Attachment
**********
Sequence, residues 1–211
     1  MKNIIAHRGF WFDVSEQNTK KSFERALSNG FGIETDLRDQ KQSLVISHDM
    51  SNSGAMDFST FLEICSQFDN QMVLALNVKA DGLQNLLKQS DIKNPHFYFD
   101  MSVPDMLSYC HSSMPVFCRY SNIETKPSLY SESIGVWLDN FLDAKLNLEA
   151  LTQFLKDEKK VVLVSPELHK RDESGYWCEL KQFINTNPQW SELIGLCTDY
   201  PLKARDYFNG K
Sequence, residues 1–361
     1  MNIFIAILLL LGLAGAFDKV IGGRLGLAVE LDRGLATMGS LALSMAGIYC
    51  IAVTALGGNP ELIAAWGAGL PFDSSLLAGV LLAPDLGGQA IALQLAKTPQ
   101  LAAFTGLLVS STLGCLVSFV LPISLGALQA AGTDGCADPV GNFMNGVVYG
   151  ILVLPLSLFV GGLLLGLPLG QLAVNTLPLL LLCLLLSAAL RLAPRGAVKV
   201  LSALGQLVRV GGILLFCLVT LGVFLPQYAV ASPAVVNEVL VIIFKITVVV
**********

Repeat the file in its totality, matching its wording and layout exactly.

Sequence, residues 1–211
     1  MKNIIAHRGF WFDVSEQNTK KSFERALSNG FGIETDLRDQ KQSLVISHDM
    51  SNSGAMDFST FLEICSQFDN QMVLALNVKA DGLQNLLKQS DIKNPHFYFD
   101  MSVPDMLSYC HSSMPVFCRY SNIETKPSLY SESIGVWLDN FLDAKLNLEA
   151  LTQFLKDEKK VVLVSPELHK RDESGYWCEL KQFINTNPQW SELIGLCTDY
   201  PLKARDYFNG K
Sequence, residues 1–361
     1  MNIFIAILLL LGLAGAFDKV IGGRLGLAVE LDRGLATMGS LALSMAGIYC
    51  IAVTALGGNP ELIAAWGAGL PFDSSLLAGV LLAPDLGGQA IALQLAKTPQ
   101  LAAFTGLLVS STLGCLVSFV LPISLGALQA AGTDGCADPV GNFMNGVVYG
   151  ILVLPLSLFV GGLLLGLPLG QLAVNTLPLL LLCLLLSAAL RLAPRGAVKV
   201  LSALGQLVRV GGILLFCLVT LGVFLPQYAV ASPAVVNEVL VIIFKITVVV